The top part includes the DVR's and the IR controlled component A/V switch going to the Slingbox. Below that is my design to decode the IR from the slingbox and relay control signals to individual DVR's. The arduino decodes the IR signals and if it is a signal to change the input on the component switch, is selects the appropriate channel on the Demux so that the IR control signals can be reproduced using the 555 timer and send to only that DVR. The timer is configured in astable mode to produce a 38Khz signal when IR is detected by the IR receiver. Because the IR diodes I am using need to be high power (for the range I need) I need to supply them their nominal forward current of 100mA. This is why the transistors (MPQ2222) are needed as HC devices can only source/sink 25mA.

To repeat, I have bread boarded this, and everything works just as expected. The bi-directional mux/demux sends the 38Khz signals to the appropriate DVR's allowing me to control only one at a time (the one im viewing). I was just concerned with the robustness of using a single current limiting resister for the transistor bases at the input of the analog mux.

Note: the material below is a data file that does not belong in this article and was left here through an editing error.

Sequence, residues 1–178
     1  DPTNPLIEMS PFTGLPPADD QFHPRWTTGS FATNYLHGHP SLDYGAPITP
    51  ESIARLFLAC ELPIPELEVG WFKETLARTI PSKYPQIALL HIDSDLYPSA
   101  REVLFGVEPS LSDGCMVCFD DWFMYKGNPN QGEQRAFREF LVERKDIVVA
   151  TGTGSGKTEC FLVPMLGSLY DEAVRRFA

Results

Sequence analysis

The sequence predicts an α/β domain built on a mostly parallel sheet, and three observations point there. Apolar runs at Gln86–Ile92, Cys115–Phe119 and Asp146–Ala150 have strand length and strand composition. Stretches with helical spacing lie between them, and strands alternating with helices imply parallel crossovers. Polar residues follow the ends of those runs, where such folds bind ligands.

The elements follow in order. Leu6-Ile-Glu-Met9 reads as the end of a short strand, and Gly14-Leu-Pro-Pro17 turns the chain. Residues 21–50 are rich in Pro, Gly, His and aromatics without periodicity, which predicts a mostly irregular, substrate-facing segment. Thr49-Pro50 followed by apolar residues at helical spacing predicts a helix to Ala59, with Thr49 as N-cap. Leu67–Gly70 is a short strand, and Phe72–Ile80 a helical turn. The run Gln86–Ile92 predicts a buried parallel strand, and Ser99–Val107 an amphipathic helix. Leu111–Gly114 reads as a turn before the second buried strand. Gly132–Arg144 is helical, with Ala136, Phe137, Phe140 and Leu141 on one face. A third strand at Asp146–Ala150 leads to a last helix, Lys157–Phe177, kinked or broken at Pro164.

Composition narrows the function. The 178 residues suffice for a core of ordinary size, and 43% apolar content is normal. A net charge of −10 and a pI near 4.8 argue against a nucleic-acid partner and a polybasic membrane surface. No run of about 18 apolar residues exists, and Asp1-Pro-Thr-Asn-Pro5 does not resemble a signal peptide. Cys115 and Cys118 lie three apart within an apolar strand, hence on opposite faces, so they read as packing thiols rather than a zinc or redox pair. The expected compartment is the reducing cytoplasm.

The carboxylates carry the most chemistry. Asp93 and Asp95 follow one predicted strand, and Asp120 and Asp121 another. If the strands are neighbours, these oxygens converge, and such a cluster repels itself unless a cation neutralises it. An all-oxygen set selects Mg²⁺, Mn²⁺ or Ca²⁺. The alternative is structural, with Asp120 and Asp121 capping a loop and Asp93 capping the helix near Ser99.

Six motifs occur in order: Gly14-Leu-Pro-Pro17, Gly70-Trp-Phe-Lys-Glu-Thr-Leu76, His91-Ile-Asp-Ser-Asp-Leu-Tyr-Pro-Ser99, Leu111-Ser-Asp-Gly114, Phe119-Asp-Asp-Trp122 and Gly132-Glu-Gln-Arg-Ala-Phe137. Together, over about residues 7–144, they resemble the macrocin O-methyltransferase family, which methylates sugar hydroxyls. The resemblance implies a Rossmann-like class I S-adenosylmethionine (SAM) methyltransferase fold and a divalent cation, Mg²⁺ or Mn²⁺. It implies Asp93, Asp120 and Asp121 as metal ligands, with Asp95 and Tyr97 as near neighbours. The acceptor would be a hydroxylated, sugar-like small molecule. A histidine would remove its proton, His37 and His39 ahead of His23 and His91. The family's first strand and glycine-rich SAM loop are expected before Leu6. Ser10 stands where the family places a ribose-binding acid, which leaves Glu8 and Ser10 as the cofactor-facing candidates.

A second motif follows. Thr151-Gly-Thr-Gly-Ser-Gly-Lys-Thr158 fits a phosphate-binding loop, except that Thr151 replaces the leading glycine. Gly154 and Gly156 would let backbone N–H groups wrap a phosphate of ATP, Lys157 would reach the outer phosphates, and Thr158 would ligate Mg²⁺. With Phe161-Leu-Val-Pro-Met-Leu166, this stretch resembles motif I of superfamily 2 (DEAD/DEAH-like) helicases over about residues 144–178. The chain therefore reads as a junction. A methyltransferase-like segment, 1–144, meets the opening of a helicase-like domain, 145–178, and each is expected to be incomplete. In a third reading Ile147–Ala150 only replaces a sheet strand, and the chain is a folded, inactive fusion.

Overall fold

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Maybe it would be beneficial to include my entire system schematic to illustrate what I am doing and why.
Yes thanks that makes it much more clear.
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Why on Earth would this not be wise?
If you want more than one LED on at a time then you would need to multiplex, as it is you don't so there is no need.

Personally I would use a 74LS42.
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Personally I would use a 74LS42.